By clicking on the “Into the Deep” underlined below, or perhaps a blue button once and then clicking again on the opened article, I believe you can view half of the article. Or you can go directly to the Plain Values website and search. A script of the entire article follows below in this blog. Contact me if you desire a free copy of Robert’s third book, “Rise Above: How to Heal the Hurts and Overcome the Worst.”
Into the Deep or Finding God in the Depth of Sorrow
Words directly from from two of Robert Roger’s books and arranged by Merlin Erb.
For the September 2022 issue of Plain Values magazine
“He will wipe every tear from their eyes, and there will be no more death or sorrow or crying or pain. All these things are gone forever. And the one sitting on the throne said, ‘Look, I am making everything new.’” Revelations 21:4-5
It was Labor Day weekend 2003, and we were returning to our home in Liberty from a family wedding. In our minivan was myself, my wife Melissa, and our four children: eight-year-old Makenah Alexandra, five-year-old Zachary Seth, three-year-old Nicholas Adam, and one-year-old Alenah WenYing, who we had recently adopted from China.
An unfathomable flash-flood inundated our minivan on the Kansas Turnpike. It thrust our vehicle off the highway, plunged us into the deluge, and washed half of our precious family out the window while our youngest three were still strapped in their car seats. Miraculously, I survived.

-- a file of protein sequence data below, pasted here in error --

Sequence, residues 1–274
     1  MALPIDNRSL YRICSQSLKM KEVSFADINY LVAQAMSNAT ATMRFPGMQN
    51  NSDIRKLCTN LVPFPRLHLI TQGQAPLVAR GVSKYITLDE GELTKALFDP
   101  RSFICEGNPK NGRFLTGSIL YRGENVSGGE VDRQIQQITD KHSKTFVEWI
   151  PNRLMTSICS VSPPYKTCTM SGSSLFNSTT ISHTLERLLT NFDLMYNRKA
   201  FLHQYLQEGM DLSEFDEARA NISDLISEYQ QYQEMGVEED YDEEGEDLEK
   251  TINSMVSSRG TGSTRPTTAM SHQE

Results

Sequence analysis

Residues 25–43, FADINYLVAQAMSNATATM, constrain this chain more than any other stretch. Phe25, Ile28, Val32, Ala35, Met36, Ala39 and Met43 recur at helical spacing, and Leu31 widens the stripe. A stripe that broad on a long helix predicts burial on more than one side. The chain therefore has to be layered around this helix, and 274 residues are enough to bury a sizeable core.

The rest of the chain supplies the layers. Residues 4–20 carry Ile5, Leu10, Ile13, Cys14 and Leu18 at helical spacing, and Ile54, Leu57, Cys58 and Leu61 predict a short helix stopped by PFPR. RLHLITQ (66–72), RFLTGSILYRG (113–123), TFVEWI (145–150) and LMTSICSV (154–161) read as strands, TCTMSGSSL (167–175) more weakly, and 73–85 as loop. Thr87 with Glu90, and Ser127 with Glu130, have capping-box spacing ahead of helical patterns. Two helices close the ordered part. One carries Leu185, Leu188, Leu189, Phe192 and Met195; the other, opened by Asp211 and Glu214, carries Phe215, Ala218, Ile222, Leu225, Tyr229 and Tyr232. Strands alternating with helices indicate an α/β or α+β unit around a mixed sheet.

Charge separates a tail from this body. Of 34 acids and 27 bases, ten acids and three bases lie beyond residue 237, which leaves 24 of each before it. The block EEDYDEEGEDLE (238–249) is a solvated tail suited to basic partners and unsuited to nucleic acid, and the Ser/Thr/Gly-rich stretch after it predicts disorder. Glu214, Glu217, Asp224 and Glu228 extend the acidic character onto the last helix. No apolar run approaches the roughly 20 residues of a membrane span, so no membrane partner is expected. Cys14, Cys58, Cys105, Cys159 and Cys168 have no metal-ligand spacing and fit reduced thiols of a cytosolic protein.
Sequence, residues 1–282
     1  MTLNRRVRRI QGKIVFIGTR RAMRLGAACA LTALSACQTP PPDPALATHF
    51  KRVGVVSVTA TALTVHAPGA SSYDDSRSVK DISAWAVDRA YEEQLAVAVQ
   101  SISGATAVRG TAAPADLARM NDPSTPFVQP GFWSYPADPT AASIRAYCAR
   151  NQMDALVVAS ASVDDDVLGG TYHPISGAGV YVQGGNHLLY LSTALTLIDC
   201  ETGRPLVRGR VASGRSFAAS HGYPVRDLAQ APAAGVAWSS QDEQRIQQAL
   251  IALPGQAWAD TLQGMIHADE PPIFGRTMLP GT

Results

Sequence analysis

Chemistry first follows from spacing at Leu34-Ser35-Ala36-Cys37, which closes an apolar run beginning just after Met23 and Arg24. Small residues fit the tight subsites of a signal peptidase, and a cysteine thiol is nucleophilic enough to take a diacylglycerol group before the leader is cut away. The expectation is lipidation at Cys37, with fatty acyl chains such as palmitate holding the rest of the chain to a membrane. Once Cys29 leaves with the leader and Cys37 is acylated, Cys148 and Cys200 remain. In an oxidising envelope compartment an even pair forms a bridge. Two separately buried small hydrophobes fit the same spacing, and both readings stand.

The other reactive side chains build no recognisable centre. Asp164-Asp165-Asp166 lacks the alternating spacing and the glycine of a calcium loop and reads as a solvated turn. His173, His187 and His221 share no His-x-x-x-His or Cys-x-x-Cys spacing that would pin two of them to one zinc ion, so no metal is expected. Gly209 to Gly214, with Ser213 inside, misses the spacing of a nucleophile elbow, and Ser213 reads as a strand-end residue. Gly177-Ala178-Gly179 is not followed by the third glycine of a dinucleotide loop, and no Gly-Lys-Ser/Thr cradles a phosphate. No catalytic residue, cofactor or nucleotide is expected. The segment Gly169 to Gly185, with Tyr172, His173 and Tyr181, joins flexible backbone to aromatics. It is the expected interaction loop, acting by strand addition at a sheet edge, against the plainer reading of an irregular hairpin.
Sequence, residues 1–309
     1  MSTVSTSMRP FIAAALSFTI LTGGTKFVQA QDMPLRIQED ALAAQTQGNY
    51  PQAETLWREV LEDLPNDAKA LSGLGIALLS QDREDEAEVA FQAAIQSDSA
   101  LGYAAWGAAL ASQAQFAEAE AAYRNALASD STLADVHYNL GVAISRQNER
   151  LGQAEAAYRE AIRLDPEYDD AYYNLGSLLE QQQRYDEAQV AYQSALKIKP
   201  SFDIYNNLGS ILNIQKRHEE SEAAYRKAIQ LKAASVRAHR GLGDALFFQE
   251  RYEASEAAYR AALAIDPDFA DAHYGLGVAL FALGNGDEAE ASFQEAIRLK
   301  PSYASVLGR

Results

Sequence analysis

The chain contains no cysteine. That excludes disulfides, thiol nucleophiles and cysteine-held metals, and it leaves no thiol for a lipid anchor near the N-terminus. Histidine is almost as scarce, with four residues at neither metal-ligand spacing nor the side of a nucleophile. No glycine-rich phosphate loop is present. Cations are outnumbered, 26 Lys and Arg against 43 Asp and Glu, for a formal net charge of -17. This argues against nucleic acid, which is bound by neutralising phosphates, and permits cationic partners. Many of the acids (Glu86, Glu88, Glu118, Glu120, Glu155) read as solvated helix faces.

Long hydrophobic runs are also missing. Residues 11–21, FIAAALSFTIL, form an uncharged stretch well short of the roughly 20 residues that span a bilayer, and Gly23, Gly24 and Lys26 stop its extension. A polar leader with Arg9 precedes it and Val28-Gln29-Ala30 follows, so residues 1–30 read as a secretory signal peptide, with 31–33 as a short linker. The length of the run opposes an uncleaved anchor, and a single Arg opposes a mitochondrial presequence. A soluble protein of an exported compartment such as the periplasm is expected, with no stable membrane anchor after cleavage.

“Mr. Rogers, we need to ask you to identify the bodies of your three youngest children. They are dead.”
Those piercing words from early Sunday morning, August 31, 2003, changed my life forever. Perhaps you can relate. You know at that moment life will never again be the same.
I identified our three youngest. Later my oldest child Makenah was found on a barbed wire fence nearby the van – a mile and a half from the turnpike. Three days later they found my wife, my beloved Melissa. All I cherished most was gone: every dream, every hope.
Life Before the Flood
I met my wife in Massachussets. In March of 1989 I returned to Digital Equipment Corporation in Boston for my engineering job. The year before I happened upon a gentleman outside Lily’s Café delighting a crowd on a baby grand piano. When he took a break, I offered to fill in for him and from there it was history. I loved to fill the cobblestone sidewalks with music.